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Afghan Refugees Again On The Run -- This Time From Pakistan

An Afghan refugees school in southwestern Pakistan.
An Afghan refugees school in southwestern Pakistan.

KABUL -- Only a month ago, Naimatullah was running a school for Afghan migrants in the Pakistani town of Sialkot -- a place he had called home for over two decades.

But then one night, Pakistani police stormed his home and ordered his family to leave. When Naimatullah refused, he says police beat him up and detained his younger brother. The next day, the authorities leveled his home, located in a predominately Afghan neighborhood.

Now, Naimatullah finds himself living in squalor in a makeshift refugee camp on the outskirts of the Afghan capital, Kabul. He has no job and lives off the meager handouts he receives from the government and foreign aid groups.

"We don't have shelter, there's no work, and there's no food," says Naimatullah, who lives with his family of six in a cramped camp in Kabul's Pul-e Charkhi district. "Winter is coming and we don't have anything to make a fire with. We face every problem."

Naimatullah -- a stocky, bearded, middle-aged man -- could not return to his native village in the northern Afghan province of Kunduz, the scene of the Taliban's bloody summer offensive. He was forced to head to Afghanistan's capital, where he says he has once again become a refugee.

Naimatullah is one of tens of thousands of Afghan refugees to have returned in recent months claiming to have been beaten by police, detained, and evicted from their homes in Pakistan.

Easy Scapegoats

For years, Islamabad has pushed Afghan refugees to return to their homeland, with little success. But that was before the massacre of more than 150 people, the vast majority of them students, at a Peshawar school in December 2014.

Many returning refugees say they have been made scapegoats for that attack, which was claimed by the Pakistani Taliban, a group Islamabad has said operates out of Afghanistan.

"There were 1,300 Afghan households in Sialkot," says Naimatullah, who came to Kabul with little more than the clothes on his back. "Within a day, the authorities got rid of all the Afghans in the town. I'm witness to the mass evictions."

Naimatullah says Afghans are being forced out of jobs and homes in urban centers, while refugee camps are being raided by Pakistani authorities making "mass arrests."

There has been a marked rise in the number of returning Afghan refugees in the wake of the attack. The International Organization for Migration (IOM) says that nearly 90,000 undocumented Afghan refugees have been forced to leave Pakistan since January -- six times the number during the same period last year.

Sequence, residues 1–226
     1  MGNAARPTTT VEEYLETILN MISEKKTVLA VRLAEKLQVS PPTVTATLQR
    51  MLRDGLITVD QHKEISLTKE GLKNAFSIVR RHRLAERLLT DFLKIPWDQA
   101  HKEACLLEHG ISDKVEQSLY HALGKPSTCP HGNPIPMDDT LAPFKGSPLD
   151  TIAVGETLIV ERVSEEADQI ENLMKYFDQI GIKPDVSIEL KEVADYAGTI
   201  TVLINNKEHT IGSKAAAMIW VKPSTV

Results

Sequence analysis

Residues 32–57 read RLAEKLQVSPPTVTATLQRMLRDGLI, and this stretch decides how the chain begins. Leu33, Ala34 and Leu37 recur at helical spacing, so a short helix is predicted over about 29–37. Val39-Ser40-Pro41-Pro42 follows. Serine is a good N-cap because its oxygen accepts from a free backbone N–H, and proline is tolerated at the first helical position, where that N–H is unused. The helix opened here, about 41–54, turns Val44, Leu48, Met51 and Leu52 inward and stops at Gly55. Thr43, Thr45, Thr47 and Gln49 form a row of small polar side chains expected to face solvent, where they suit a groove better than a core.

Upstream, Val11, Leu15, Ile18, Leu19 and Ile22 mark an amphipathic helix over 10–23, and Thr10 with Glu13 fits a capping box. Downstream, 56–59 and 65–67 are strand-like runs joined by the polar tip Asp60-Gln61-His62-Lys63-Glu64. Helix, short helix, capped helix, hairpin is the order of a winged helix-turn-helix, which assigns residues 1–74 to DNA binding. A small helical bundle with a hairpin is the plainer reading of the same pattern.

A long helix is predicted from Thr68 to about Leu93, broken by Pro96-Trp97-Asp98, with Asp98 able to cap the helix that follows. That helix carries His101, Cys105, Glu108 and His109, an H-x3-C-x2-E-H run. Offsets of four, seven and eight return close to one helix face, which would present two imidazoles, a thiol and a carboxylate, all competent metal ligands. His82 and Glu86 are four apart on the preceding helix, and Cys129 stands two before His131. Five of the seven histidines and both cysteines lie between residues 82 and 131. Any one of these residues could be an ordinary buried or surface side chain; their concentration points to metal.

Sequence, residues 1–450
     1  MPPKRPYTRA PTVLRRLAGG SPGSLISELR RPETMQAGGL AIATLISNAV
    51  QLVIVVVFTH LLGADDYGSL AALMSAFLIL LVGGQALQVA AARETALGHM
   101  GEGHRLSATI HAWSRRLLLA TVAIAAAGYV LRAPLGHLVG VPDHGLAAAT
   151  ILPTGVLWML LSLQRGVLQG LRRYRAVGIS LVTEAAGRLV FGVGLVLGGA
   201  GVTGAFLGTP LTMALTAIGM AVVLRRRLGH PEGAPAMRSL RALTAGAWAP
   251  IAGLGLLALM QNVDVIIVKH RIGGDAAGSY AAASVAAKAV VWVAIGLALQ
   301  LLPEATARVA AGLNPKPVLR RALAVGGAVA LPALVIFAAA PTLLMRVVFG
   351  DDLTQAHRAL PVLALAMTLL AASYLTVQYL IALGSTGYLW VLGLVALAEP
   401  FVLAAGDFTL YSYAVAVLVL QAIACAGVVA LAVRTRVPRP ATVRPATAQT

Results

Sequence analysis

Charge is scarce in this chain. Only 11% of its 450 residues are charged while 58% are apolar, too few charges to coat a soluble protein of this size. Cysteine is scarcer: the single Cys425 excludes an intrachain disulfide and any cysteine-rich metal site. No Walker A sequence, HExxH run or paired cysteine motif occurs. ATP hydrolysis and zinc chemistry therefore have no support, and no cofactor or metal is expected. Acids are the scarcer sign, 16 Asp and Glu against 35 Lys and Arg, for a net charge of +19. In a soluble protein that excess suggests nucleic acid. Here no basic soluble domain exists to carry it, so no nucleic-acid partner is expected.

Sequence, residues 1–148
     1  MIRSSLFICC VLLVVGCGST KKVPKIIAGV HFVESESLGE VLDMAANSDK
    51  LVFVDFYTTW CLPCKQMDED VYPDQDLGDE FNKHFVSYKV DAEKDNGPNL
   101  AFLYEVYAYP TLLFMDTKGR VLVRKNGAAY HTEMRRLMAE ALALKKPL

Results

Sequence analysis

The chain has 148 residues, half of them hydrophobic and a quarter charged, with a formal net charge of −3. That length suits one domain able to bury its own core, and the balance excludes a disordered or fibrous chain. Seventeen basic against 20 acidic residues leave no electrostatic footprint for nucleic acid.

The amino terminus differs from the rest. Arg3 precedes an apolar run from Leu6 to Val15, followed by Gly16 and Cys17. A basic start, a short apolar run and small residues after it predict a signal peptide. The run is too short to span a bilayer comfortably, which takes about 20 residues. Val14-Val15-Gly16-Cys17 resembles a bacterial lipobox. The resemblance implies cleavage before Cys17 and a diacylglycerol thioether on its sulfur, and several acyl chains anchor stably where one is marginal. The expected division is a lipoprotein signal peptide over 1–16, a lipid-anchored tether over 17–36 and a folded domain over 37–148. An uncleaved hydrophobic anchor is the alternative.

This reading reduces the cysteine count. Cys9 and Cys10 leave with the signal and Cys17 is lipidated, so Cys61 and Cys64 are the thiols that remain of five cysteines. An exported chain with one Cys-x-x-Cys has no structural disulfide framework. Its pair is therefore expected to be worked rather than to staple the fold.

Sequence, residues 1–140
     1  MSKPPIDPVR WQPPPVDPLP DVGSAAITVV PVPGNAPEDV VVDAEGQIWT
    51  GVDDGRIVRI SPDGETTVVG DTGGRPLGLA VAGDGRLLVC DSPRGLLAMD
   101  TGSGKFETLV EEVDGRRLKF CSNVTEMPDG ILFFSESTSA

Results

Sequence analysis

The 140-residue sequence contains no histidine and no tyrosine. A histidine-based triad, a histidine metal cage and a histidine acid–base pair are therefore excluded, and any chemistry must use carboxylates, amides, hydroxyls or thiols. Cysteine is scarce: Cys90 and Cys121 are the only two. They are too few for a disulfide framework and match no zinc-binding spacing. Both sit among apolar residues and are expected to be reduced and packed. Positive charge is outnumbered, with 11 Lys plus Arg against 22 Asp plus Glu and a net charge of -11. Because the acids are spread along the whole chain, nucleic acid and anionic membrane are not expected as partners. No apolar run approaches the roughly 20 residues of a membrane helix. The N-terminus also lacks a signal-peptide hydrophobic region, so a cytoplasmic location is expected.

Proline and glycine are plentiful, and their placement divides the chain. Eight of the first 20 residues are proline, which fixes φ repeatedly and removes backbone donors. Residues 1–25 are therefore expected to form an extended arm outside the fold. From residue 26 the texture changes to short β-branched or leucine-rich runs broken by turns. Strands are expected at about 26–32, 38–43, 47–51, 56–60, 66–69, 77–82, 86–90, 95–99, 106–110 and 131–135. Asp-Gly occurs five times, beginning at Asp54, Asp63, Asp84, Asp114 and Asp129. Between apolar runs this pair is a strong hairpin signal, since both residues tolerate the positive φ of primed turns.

That is partly attributable to a December 31 deadline set by Islamabad for all Afghan refugees to return to their homeland, despite pleas for an extension from Kabul and the UNHCR, the UN's refugee agency.

But returning refugees are convinced that the Peshawar school attack has accelerated and intensified Pakistani authorities' efforts.

No Legal Protection

Even Afghans with valid refugee documents are reportedly being harassed and forced to leave Pakistan.

One of them is Latifa, a mother of four who was evicted from her home in Darra Adam Khel, a town in northwest Pakistan, where she has resided for nearly 20 years. She says thousands of Afghans are fleeing Pakistan in the face of intimidation and harassment from authorities.

"They destroyed our house. "They came and told us to leave," says Latifa, who arrived in Kabul several months ago. "We pleaded with them to give us more time to move. But one night they brought bulldozers and destroyed our home."

"We managed to save a few of our possessions, but many of our belongings were destroyed," Latifa says as she clings to one of her children. "We didn't have any place to go, so we came here [to Kabul]. But here we have no house, no land, nothing."

Latifa, who is middle-aged, is a native of eastern Logar Province. But like many returnees, soaring violence across Afghanistan has forced her to seek shelter in the relative safety of Kabul.

The UNHCR says it has received information that registered Afghan refugees have been rounded up during police crackdowns since the Peshawar attack. But despite the UNHCR expressing its concerns to the Pakistani government, recent returnees say the crackdown has only intensified.

Too Many With Too Little

The United Nations says there are around 2.5 million Afghan refugees in Pakistan, 1 million of them unregistered, combining to make up the second-largest refugee population in the world. Pakistan has been home to millions of Afghans for the past three decades, and more than 3.8 million refugees have returned home, according to the UNHCR.

The UNHCR and the Afghan government have pleaded with Islamabad to extend the year-end deadline it set for the return of all Afghan refugees residing in Pakistan. Kabul says its resources are overstretched and that it cannot accommodate such a large number of returnees so quickly.

While politicians in Afghanistan and Pakistan haggle over the issue, the Afghan returnees find themselves as refugees once again -- this time in their own country.

"We want the government to give us shelter, jobs, and tents," Naimatullah says while comforting his young child on his lap. "My children need to go to school."

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    Frud Bezhan

    Frud Bezhan is the editor for Afghanistan, Iran, and Pakistan in the Central Newsroom at RFE/RL. Previously, he was a correspondent and reported from Afghanistan, Kosovo, and Turkey. Prior to joining RFE/RL in 2011, he worked as a freelance journalist in Afghanistan and contributed to several Australian newspapers, including The Age and The Sydney Morning Herald.